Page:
Despite efforts to curb the misuse of Liquefied Petroleum Gas (LPG) in the country, it has emerged that most gas consumers in the Western Region do not adhere to safety precautions.
Some malpractices include placing stones on cylinders, seating gas cylinders next to coal pots, failing to fix leakages of tubes, fixing the regulator wrongly, damaging the O-Rings in the cylinder valve and using rusty cylinders among others. These were observed at tea stalls, roadside eateries, chop bars, restaurants and hotels.
A team from the Corporate Affairs Division of the National Petroleum Authority (NPA) that is currently in the region engaging gas consumers announced this when it took the second phase of the nationwide LPG DOOR-TO-DOOR campaign to the Sekondi/Takoradi municipality.
Speaking during the exercise, Benjamin Sekyere Owusu, Communications Officer of the NPA, said LPG was an excellent fuel for cooking and it was safe if used correctly.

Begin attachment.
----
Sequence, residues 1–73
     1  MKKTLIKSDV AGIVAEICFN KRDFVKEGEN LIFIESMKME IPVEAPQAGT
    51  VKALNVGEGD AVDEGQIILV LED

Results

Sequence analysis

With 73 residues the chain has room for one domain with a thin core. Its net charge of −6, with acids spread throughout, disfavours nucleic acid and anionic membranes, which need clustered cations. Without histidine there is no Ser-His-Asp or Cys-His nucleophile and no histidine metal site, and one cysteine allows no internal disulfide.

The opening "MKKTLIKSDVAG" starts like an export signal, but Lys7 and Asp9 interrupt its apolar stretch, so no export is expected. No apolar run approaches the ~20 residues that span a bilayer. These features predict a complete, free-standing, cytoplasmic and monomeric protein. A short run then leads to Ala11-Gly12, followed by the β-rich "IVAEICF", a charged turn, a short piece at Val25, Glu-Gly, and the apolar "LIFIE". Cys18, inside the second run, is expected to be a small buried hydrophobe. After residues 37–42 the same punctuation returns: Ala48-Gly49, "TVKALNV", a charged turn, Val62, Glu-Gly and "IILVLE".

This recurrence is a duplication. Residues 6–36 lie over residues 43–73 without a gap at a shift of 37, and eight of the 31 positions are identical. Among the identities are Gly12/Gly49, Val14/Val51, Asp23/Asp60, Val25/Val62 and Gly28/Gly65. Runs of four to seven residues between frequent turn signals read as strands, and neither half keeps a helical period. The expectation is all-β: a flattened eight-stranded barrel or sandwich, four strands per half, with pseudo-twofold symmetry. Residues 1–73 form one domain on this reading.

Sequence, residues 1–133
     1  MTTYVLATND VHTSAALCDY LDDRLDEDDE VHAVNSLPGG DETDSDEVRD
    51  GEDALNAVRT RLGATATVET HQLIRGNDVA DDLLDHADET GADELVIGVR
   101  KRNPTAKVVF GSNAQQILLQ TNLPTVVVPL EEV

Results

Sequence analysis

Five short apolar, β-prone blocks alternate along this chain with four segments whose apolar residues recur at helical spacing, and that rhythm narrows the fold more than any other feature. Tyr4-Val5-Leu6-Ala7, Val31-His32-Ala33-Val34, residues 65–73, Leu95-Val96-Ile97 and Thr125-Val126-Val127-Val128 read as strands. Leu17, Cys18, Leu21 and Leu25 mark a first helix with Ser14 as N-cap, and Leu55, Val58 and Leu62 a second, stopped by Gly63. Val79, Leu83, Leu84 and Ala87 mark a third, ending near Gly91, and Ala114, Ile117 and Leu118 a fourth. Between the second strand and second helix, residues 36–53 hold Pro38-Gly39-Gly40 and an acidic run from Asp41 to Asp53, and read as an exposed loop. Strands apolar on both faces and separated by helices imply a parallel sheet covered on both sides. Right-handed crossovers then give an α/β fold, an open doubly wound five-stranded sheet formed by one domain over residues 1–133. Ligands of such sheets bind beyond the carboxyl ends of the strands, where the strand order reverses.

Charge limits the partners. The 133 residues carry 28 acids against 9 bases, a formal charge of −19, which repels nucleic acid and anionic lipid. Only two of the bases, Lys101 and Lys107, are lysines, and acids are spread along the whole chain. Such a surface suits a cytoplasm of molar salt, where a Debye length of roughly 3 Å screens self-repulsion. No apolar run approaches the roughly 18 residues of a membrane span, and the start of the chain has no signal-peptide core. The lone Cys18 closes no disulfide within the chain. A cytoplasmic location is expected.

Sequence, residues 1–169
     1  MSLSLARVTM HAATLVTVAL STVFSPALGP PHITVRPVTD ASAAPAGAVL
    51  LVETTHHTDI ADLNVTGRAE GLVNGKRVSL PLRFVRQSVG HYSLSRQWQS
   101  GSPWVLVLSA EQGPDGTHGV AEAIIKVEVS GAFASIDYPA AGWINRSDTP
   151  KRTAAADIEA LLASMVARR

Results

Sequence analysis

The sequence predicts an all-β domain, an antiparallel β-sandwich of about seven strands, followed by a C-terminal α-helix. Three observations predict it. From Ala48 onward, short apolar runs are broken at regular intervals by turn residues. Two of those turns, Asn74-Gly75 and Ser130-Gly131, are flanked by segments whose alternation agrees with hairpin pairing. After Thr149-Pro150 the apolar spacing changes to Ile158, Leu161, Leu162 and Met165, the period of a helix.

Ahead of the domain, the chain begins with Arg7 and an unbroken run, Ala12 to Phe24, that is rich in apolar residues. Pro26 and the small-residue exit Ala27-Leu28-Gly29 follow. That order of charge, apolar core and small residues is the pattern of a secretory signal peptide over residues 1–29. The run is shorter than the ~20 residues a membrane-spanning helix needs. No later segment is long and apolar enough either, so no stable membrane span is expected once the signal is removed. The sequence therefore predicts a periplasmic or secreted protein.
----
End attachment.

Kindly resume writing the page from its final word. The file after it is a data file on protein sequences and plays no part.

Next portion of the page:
He, however, said: “If stored or used incorrectly, LPG can be extremely dangerous. When safety is compromised, accident is born which can cause serious injury or even death”, adding: “A single mistake in the kitchen can be fatal, so, be careful! You can be roasted alive”.
Mr Owusu said most fire accidents happened because of negligence. “People fail to notice leaks, do not change the hose periodically, do not turn off the valve etc. Yes, sometimes faulty cylinders are delivered, which is why we need to be alert and be caretakers of our own safety.”
He admonished consumers to preferably locate their gas cylinders outdoors, adding that “the idea to have the gas cylinder outside the kitchen and connected by long hose to the stove or burner is a very good one.”
The team had already visited several eateries in Takoradi, Sekondi, Effiekuma, Tarkwa and Apemanim areas, where vendors were educated on the appropriate use of LPG cylinders at their business centres and homes.
The sensitisation exercise is part of a policy programme by the NPA to ensure LPG-related accidents including explosions and fire outbreaks, are not repeated.